Listing 18.1 may be long, but it's not complicated. In fact, it could be longer, were it not for the user-defined functions at the top of the script. One of the reasons for creating your own functions is to be able to reuse it within your scripts. Lines 39 set up the first function, doDB(), which is simply the database connection you've been making in your lessons for a while now. Lines 1116 define a function called emailChecker(), which takes an input and returns an outputlike most functions do. We'll look at this one in the context of the script, as we get to it.

Line 19 starts the main logic of the script. Because this script performs several actions, we need to determine which action it is currently attempting. If the value of $_POST[op] is not "ds" (that stands for "do something"), we know the user has not submitted the form; therefore, we must show it to the user.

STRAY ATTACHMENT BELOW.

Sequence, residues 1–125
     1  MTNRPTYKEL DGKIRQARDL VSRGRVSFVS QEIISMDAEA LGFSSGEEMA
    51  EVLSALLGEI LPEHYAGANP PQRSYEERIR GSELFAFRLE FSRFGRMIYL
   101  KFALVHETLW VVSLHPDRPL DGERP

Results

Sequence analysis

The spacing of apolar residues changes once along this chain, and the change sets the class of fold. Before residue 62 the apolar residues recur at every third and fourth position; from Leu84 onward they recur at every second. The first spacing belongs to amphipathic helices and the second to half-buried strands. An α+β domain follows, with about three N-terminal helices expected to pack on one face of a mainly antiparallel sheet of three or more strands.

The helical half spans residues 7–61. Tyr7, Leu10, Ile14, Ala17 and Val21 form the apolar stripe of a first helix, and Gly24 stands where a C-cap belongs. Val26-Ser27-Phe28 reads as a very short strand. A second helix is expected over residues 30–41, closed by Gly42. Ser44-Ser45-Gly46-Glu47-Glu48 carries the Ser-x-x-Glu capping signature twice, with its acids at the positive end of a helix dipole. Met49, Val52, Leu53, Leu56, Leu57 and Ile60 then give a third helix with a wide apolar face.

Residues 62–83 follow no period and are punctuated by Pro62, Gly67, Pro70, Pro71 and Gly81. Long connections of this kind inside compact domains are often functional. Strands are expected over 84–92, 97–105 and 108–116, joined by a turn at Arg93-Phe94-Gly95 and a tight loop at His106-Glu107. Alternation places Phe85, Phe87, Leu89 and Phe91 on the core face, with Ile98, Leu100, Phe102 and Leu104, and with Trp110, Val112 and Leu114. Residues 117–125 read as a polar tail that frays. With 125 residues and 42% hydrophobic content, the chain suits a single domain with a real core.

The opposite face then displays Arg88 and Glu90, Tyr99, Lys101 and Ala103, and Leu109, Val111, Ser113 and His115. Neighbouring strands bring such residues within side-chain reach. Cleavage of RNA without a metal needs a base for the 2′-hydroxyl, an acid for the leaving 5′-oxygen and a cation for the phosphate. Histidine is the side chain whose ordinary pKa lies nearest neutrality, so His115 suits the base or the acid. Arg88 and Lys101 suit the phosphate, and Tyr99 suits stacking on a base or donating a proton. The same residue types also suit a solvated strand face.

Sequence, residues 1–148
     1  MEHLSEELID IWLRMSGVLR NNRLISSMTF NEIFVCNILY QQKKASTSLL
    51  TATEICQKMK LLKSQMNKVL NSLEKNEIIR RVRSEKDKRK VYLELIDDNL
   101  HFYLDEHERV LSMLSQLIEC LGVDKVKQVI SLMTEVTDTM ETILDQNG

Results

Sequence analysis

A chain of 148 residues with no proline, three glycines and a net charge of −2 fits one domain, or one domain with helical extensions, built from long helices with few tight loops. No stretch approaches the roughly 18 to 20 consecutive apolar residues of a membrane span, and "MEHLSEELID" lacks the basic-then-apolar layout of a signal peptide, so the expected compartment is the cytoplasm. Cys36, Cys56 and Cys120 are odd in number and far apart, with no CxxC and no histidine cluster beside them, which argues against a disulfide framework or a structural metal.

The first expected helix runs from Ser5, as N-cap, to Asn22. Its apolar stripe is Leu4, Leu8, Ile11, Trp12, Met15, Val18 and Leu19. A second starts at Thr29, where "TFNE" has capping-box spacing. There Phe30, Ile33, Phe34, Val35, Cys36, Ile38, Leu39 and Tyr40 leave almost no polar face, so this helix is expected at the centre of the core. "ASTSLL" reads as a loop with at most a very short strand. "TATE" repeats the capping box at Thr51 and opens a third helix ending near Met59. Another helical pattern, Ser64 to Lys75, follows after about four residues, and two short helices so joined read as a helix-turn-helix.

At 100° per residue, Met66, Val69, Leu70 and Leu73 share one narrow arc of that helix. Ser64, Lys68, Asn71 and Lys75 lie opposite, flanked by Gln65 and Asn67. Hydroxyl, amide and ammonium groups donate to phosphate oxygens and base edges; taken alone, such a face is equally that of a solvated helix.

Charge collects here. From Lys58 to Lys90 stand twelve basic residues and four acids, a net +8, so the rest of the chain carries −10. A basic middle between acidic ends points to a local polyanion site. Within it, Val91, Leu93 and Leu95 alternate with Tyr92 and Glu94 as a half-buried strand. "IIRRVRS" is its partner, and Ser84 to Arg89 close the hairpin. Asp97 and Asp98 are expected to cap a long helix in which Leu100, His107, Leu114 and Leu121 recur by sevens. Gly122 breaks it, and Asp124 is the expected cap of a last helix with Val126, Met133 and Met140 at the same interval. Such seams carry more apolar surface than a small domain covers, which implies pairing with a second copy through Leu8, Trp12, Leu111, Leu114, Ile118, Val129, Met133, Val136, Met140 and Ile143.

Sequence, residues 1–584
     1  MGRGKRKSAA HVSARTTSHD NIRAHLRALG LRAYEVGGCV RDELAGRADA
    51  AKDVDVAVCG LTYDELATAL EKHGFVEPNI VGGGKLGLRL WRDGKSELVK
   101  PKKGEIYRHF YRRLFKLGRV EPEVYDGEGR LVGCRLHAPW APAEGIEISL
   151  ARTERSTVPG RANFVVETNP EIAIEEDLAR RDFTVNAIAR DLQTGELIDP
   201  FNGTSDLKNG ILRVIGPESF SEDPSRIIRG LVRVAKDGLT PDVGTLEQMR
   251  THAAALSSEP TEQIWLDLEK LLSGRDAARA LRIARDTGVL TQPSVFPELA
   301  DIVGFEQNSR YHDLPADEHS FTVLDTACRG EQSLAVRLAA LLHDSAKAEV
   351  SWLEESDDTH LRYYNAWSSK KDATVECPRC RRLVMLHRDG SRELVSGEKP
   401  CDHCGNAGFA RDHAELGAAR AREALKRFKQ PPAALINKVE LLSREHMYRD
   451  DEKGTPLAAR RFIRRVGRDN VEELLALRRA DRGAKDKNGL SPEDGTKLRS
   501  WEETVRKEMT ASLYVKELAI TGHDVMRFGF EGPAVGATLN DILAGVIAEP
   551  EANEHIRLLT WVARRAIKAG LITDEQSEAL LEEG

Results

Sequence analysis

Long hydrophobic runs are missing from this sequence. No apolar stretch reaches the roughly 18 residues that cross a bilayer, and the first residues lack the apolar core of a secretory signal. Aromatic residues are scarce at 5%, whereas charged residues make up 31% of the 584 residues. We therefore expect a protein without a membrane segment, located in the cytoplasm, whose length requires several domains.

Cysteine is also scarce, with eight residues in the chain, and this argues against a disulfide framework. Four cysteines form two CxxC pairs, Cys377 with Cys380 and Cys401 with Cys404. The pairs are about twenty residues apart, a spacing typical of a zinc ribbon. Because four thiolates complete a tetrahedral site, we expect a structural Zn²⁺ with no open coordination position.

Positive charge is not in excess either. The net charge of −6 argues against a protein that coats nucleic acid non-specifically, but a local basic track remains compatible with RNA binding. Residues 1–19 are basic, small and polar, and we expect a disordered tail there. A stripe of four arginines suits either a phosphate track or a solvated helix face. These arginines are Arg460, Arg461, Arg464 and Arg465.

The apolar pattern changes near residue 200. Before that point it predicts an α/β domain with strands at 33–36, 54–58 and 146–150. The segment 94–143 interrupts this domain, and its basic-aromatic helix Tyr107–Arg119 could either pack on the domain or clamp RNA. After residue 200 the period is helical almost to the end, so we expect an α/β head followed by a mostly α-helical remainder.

Lines 2134 create the subscribe/unsubscribe form, using $_SERVER[PHP_SELF] as the action (line 22), creating a text field called email for the user's email address, and setting up a set of radio buttons (lines 2829) to find the desired task. At this point, the script breaks out of the if...else construct, skips down to line 82, and proceeds to print the HTML. The form is displayed as shown in Figure 18.1.

Figure 18.1. The subscribe/unsubscribe form.


Back inside the if...else construct, if the value of $_POST[op] is indeed "ds", we need to do something. There are two possibilities: subscribing and unsubscribing. We determine which action to take by looking at the value of $_POST[action], from the radio button group.

In line 36, if the value of $_POST[op] is "ds" and the value of $_POST[action] is "sub", we know the user is trying to subscribe. To subscribe, he will need an email address, so we check for one in lines 3841. If no address is present, the user is redirected back to the form.